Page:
High School students from around the region volunteered to help improve the forest preserves during the week of June 17.
More than 100 students from six high schools participated in workdays at Theodore Marsh Preserve in Crest Hill and Plum Valley Ravines in Crete Township.
“They came out in a big way to give back to the environment,” said volunteer supervisor Renee Gauchat.
Using hand saws and loppers, the students removed invasive buckthorn during the hot and humid weather, but they were undaunted because of their youthful exuberance, Gauchat said.
“From restoration to trail and roadway cleanup, the students were out in force,” Gauchat added. "The return on the investment to the District was seen in acreage restored and trails cleaned.”
LEARN MORE ABOUT VOLUNTEERING
Some of the high school students came through the University of St. Francis’ recruitment program, which encourages its college applicants to volunteer. Other high schools signed up for the work week directly through the Forest Preserve District's volunteer program.
The participating high schools were: Joliet Catholic Academy; and Joliet Central, Providence, Lincoln-Way Central, Bloom and Bloom Trail high schools.
Adam Oestmann, a Forest Preserve operations supervisor who worked with students in eastern Will County, was impressed with how much the group accomplished.
“In just a few hours of work, the students of Bloom and Bloom Trail high schools managed to pick up enough trash along Old Post Road to fill and nearly overflow the back of a heavy-duty pickup truck. And as of today, Plum Valley Ravines is as pristine as it ought to be.”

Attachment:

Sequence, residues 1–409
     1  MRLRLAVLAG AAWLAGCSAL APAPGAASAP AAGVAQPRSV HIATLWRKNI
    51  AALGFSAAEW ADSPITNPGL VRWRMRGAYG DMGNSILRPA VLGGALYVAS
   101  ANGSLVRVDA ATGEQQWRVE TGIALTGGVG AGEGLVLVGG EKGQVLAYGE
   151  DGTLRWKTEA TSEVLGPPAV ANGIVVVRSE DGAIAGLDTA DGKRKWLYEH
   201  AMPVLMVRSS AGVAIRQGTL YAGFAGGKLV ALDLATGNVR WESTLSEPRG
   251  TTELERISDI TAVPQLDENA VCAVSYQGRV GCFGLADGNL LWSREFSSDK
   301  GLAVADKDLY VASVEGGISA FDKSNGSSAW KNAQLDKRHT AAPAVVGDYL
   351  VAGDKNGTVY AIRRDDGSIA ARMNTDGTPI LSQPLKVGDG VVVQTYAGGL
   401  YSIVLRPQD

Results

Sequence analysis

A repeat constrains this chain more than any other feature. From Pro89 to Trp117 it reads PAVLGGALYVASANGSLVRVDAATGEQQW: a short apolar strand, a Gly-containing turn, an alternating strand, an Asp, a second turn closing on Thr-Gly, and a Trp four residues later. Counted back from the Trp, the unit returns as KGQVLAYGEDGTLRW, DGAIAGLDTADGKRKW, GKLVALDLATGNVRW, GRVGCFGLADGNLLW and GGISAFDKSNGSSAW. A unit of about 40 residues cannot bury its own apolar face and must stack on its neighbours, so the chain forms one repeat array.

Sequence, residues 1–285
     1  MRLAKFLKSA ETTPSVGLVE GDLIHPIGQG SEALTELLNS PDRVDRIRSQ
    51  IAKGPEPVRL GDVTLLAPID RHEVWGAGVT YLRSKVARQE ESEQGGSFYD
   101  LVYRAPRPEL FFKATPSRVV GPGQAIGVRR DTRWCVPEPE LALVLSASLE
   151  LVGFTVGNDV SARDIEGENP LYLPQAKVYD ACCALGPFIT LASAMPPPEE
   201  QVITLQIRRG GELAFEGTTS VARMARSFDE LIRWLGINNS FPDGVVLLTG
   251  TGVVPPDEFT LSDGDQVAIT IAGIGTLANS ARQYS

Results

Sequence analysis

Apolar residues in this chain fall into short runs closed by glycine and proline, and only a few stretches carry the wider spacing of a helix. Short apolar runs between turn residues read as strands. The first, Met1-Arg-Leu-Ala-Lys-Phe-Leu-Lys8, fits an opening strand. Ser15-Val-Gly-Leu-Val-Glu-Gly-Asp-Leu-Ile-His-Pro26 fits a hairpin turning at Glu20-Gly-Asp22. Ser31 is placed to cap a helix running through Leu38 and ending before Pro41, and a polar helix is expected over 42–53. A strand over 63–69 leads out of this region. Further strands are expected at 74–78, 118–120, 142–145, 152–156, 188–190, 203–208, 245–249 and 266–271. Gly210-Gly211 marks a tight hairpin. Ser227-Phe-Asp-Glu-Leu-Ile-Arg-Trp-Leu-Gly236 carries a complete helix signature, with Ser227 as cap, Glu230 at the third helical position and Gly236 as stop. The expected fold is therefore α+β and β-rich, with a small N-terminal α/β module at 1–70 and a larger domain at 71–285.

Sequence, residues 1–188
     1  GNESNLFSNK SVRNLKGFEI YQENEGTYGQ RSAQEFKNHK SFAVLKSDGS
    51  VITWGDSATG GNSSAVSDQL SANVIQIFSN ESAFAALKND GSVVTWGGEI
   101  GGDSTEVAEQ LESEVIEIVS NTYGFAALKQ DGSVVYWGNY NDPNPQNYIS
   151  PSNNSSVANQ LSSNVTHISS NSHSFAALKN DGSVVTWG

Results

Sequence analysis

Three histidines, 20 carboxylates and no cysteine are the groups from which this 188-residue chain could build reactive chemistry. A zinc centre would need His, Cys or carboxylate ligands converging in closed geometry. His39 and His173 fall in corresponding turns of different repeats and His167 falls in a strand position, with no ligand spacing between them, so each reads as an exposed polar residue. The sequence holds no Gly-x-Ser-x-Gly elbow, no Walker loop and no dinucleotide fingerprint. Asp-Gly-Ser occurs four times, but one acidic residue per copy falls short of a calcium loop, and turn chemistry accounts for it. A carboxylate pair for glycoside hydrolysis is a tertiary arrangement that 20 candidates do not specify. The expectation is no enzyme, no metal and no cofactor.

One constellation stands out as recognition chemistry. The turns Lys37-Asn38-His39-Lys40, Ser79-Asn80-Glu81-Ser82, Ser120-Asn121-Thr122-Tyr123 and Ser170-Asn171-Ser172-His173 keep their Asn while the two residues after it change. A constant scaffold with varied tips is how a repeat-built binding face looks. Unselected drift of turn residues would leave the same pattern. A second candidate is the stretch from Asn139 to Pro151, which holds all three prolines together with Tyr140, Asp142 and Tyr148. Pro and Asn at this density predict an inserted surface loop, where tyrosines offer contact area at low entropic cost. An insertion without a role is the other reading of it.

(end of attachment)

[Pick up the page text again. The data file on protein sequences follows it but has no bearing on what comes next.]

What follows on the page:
Oestmann said seeing the teens learn about community service and how they can make a difference is what the volunteer program is all about.
“When the litter was all cleaned up, the kids got to walk back to their bus through the preserve and look back on a job well done and be proud of their work,” he said.
And the results will be appreciated by all who drive through that area, Oestmann added.
“Those who use that stretch of roadway frequently know that the beautiful forest view is often tainted with discarded fast food containers, beer and soda cans, and other household trash,” he said.
Groups that are interested in volunteering with the Forest Preserve District should contact Gauchat at 815.722.7364 or firstname.lastname@example.org.
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